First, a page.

Operational performance of Maruti Suzuki in the quarter ended June was largely in line with analyst estimates. Revenues, though three per cent less than the Bloomberg consensus estimate, were 11.6 per cent higher as compared to a year ago, on the back of a 2.1 per cent volume growth and about nine per cent growth in realisations. Volumes, which were higher in April and May by 10.2 per cent, fell in June as a fire at a plant of Subros, its component supplier, impacted production for 10 days.
Average price per vehicle sold (or realisation) increased, largely on account of higher sales of newer vehicles Vitara Brezza and Baleno, relatively costlier than older models like Swift, WagonR, etc. With Maruti ramping up production of the new models with a waiting period of six-eight months, expect realisations to remain firm.
The company continues to benefit from the shift towards petrol vehicles, which currently account for 59 per cent of the sector sales; for Maruti, the number stands at 70 per cent. The shift can also be seen, given only 20 per cent of Baleno sales are diesel-powered. The worry for Maruti continues to be small car segment sales, which is witnessing a declining trend.
Operating profit was 2.2 per cent higher and in line with the estimates. Higher raw material costs, sales promotion and royalty costs pegged back the operating profits. Cost reduction efforts and lower depreciation costs helped improve overall operational performance. Margins, in line with expectations, fell 136 basis points to 14.8 per cent. The key reason for higher costs was the adverse currency movement (a stronger yen), which impacted imports and royalty payments. Some of the forex impact will be felt in coming quarters, as the impact of indirect imports (by vendors; at about 10-11 per cent of sales) comes with a lag of a quarter. The management, however, highlighted that price movement of commodities is a bigger concern (than royalty), as any measures (import duty) on steel could push up costs for Maruti.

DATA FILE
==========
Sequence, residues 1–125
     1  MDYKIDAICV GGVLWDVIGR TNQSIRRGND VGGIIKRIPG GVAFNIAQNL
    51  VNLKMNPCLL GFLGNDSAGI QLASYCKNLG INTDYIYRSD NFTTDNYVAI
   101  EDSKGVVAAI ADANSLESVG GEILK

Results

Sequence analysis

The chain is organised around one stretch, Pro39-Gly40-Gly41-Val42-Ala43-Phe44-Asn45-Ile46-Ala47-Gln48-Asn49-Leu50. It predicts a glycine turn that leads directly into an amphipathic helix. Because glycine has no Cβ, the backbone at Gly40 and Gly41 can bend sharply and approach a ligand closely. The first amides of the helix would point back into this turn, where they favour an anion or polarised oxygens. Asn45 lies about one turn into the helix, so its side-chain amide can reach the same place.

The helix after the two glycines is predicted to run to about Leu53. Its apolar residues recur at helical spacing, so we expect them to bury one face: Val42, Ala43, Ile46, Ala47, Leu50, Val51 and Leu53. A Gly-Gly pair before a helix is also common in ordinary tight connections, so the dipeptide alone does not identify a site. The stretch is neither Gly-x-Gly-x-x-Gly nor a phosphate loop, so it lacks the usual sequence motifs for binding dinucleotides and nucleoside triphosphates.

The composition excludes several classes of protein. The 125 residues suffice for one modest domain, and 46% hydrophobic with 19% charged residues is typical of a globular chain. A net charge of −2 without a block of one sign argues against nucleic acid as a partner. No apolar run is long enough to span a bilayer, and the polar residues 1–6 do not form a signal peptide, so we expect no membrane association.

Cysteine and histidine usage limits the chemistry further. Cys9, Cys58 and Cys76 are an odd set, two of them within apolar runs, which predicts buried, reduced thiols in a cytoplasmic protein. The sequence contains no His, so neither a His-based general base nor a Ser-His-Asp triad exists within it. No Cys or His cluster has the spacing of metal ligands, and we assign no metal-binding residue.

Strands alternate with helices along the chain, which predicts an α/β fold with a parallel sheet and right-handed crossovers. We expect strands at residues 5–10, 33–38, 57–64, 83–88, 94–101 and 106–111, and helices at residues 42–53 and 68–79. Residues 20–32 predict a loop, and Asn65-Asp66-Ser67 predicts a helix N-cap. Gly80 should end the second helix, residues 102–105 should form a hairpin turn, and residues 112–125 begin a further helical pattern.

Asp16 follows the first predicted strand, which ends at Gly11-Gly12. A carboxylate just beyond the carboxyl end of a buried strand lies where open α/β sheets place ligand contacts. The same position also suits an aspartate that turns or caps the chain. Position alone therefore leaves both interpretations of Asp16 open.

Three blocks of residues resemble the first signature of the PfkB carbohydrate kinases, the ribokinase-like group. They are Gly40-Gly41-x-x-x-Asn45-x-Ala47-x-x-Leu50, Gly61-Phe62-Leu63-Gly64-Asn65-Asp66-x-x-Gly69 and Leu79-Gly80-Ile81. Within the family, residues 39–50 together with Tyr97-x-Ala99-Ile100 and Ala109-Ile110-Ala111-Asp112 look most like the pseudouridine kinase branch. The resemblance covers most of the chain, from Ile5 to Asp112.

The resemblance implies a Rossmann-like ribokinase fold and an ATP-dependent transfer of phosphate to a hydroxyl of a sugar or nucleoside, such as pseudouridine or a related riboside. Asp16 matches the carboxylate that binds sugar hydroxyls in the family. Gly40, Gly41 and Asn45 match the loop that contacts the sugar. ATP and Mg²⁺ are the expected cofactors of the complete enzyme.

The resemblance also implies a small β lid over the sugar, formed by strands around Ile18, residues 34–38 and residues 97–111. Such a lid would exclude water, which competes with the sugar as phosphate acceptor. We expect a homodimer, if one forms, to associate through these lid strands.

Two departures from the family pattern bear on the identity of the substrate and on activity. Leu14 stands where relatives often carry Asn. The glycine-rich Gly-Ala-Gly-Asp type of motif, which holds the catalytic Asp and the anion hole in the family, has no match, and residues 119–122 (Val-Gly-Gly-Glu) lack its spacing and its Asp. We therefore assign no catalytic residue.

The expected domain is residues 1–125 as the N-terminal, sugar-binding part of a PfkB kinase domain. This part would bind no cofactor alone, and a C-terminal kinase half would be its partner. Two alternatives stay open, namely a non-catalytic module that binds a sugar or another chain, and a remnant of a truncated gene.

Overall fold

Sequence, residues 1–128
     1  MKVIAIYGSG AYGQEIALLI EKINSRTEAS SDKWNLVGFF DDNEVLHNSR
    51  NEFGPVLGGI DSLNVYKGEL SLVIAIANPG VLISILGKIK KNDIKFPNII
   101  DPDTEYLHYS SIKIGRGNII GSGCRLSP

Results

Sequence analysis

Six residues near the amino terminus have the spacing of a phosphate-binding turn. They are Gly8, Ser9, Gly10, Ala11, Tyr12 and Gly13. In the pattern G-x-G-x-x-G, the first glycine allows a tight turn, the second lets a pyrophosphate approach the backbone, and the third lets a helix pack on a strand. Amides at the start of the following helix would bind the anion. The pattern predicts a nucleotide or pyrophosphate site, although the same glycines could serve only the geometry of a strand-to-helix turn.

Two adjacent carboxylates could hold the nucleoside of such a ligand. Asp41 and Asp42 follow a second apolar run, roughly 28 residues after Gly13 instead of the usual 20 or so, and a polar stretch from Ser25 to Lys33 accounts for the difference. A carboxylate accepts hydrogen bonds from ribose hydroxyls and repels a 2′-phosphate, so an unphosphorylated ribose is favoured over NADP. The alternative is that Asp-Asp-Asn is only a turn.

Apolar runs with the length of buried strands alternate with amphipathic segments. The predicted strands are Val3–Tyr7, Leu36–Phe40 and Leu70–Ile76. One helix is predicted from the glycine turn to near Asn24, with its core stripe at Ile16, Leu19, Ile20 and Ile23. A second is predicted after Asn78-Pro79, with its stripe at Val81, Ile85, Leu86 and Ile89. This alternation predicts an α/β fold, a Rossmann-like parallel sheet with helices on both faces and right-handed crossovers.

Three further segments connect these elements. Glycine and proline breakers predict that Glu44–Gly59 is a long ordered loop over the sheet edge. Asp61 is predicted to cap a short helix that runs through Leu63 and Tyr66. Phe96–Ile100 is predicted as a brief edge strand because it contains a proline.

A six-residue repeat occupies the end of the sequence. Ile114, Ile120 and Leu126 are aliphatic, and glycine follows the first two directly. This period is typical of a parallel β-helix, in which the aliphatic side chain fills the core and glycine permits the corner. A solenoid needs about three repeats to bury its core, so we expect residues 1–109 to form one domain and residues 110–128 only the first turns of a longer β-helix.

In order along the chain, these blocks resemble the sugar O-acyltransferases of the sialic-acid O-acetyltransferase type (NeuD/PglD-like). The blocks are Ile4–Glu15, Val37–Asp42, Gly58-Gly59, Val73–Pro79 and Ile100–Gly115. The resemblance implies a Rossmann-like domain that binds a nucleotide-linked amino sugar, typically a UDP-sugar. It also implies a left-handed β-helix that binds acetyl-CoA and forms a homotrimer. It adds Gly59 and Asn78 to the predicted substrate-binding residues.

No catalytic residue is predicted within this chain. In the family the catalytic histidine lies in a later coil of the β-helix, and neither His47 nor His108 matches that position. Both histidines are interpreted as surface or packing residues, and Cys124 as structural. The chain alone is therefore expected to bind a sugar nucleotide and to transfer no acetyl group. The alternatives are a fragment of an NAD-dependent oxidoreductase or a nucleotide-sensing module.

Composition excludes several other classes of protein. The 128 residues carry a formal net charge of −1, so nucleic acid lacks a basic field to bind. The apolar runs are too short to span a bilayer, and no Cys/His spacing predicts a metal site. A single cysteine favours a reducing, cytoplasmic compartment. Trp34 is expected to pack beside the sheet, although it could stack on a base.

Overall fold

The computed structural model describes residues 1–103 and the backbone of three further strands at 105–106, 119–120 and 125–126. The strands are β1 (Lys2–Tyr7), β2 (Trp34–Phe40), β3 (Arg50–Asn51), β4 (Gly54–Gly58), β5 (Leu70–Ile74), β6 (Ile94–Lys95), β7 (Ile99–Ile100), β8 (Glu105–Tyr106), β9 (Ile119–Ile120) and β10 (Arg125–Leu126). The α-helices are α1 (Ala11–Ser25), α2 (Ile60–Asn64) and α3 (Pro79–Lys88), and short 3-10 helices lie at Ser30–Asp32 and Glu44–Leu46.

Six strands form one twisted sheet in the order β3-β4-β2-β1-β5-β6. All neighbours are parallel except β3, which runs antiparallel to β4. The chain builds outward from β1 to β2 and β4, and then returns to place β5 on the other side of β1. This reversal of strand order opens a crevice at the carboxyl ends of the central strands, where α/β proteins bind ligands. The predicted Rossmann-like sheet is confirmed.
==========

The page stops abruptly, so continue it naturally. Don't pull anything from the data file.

At the net level, performance was boosted by higher other income, largely from its investments in mutual funds. Net profit was up 23 per cent to Rs 1,486 crore against a consensus estimate of Rs 1,224 crore.
Maruti is well-placed to benefit from the shift to petrol-driven vehicles, favourable product mix and launch of new utility vehicles and improving distribution network.